First there was the skit, then the t-shirt, then the action figure. Now tattoo artist Bill DeNovio unveils his artwork of Adam Driver’s SNL character Matt the Radar Technician. This character is giving Kylo Ren a run for his money! You have to think that Driver will be invited back to Saturday Night Live to reprise the character soon. -via Geeks Are Sexy
The Glasgow center of the Scottish SPCA is looking for a home for Atlas the rabbit. As you can see, Atlas is not a typical rabbit; he’s a continental giant rabbit. At seven months of age, he is still not fully grown! Not just any home will do. Manager Anna O’Donnell says they are looking for a home that is equipped to take on such a large bunny.
“We are looking for a specific home for Atlas due to his breed and size. A standard rabbit hutch won’t do so his new owner will need plenty of space for him.
“Atlas needs an owner with the knowledge to properly care for him, so ideally someone who has kept a continental giant before.
What if you took the popular Netflix series Making a Murderer and put Homer Simpson in suspect Steve Avery’s place? That’s what the latest Vulture remix is all about. It combines audio from the true crime series and video from the TV show The Simpsons.
They had a lot of footage to select from, as The Simpsons is now in its 27th season. Homer seems to have been arrested more than his share of times in all those years. -via reddit
The following is an article from The Annals of Improbable Research, now in all-pdf form. Get a subscription now for only $25 a year!
A mini-opera in four acts
music by Georges Bizet
words by Marc Abrahams
This mini-opera had its premiere as part of the 16th First Annual Ig Nobel Prize Ceremony, at Sanders Theatre, Harvard University, on Thursday evening, October 5, 2006.
Narrator: Karen Hopkin
The Boy: Pierre Fontaine
Eb: Margot Button
Flo: Gina Beck
The Dog: Maggie McNeil.
Pianist: Scott Nicholas
Friends: The new Ig Nobel Prize winners, the Nobel Laureates, and all the other ignitaries who were on stage.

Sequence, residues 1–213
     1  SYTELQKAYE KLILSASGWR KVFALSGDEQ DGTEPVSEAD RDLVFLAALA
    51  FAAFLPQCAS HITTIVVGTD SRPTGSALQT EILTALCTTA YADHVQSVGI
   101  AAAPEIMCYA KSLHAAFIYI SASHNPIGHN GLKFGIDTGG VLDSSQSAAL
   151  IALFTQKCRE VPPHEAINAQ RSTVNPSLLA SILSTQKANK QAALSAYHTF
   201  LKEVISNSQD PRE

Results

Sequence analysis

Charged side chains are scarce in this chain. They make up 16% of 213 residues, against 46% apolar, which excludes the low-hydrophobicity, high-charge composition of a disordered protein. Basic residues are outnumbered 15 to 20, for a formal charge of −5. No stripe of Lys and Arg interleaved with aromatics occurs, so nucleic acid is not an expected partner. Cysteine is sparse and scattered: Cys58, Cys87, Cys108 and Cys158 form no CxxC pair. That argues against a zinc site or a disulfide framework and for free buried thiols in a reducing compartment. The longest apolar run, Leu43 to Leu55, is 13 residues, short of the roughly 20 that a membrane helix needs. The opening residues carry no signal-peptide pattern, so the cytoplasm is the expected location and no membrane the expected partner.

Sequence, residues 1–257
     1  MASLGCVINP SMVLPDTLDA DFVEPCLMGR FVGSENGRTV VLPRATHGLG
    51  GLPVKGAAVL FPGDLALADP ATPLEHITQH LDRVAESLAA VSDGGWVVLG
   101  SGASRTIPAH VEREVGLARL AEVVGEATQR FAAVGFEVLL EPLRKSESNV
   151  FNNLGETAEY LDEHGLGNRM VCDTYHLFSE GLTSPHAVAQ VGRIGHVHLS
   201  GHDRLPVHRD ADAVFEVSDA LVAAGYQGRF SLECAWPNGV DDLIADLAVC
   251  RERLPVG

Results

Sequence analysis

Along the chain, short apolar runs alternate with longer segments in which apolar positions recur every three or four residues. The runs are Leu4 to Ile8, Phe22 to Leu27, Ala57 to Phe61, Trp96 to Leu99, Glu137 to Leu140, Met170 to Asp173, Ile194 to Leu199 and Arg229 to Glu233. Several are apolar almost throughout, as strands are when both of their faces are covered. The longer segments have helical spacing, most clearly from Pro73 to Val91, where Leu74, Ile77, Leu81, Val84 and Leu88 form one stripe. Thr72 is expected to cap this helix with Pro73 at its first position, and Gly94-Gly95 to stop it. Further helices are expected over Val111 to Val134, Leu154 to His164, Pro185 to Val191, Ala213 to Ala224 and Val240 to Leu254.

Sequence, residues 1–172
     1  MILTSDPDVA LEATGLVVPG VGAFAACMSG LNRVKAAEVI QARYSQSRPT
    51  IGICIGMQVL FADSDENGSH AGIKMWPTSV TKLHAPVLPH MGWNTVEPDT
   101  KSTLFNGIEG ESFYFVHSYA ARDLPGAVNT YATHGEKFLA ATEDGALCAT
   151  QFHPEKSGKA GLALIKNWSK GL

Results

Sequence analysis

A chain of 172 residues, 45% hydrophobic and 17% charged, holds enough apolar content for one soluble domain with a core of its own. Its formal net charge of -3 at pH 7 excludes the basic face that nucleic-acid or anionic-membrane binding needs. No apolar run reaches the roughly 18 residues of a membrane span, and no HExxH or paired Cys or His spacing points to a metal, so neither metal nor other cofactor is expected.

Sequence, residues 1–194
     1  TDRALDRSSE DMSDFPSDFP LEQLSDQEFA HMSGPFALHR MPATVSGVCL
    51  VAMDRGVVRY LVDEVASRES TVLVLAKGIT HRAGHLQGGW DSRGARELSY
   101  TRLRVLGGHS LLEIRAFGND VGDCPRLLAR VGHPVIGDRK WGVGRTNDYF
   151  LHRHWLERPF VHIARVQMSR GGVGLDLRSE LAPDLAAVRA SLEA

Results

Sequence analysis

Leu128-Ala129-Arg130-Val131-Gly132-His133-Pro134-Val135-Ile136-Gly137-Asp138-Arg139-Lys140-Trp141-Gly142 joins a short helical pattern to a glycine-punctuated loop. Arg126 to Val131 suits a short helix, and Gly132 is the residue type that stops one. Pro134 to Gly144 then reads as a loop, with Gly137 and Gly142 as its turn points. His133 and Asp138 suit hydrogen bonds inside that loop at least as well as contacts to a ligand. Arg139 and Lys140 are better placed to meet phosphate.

EB and FLO, who are sisters. EB is always at rest. FLO is always in motion. Each girl has a cellular phone always held to her ear.
The boy’s DOG (a biting, but non-singing, part). The DOG appears in Acts 1, 3, and 4.
FRIENDS— the neighborhood children (this role is played by guest scientists). They appear in Act 4.
ACT 1: “A Natural Leader”
NARRATOR [spoken]:Tonight’s opera is about a boy, and his ego, and his inertia. This little boy thinks he’s the most popular boy EVER. Here in Act 1, he has JUST moved into town. Right next door live two sisters. The boy expects the two sisters to come over and play with him. But that may not happen. You see, one sister NEVER leaves the house — and the other sister is ALWAYS running around. Let me clarify that: One sister is at rest, and she tends to stay at rest — and the other sister is in motion, and she tends to stay in motion.
Now let’s meet the little boy, and his little dog. The boy explains how he’s going to get the two sisters to come admire him. Inevitably, the boy comes to realize, as he always does, how very wonderful he is. Let’s listen.
A spring-loaded mousetrap is designed to kill a mouse on contact by breaking its neck. So why would you put your tongue in one? Because you have a popular YouTube series and your viewers suggested it. We’re talking about the Slow Mo Guys.
Which will it be, Dan or Gav to endure the tongue-lashing? It’s quite a sacrifice, just so we can see what it looks like in slow motion. And the effects last quite a while after the stunt ends. Let’s hope by now his voice has returned to normal. -via Tastefully Offensive
Those who grew up in America in the 1980s and ‘90s know the mall and its food court as their hangout, the place young people met and socialized. But the food court’s roots go back much further, to city department store shopping. Postwar suburbia gave rise to enclosed malls, but it’s hard to pinpoint when their food courts began, because it was an evolving process. It took a few decades for food courts to become ubiquitous.
The children of the suburban boom became adults and had children of their own. Those children of the 1970s and 1980s grew up in and around the suburban malls. It was never just a shopping opportunity; it was the cultural experience that Rouse had envisioned. The mall and its food court gave the suburbs a "civic anchor," as Smithsonian magazine put it, and a handful of restaurants quickly emerged as favorites.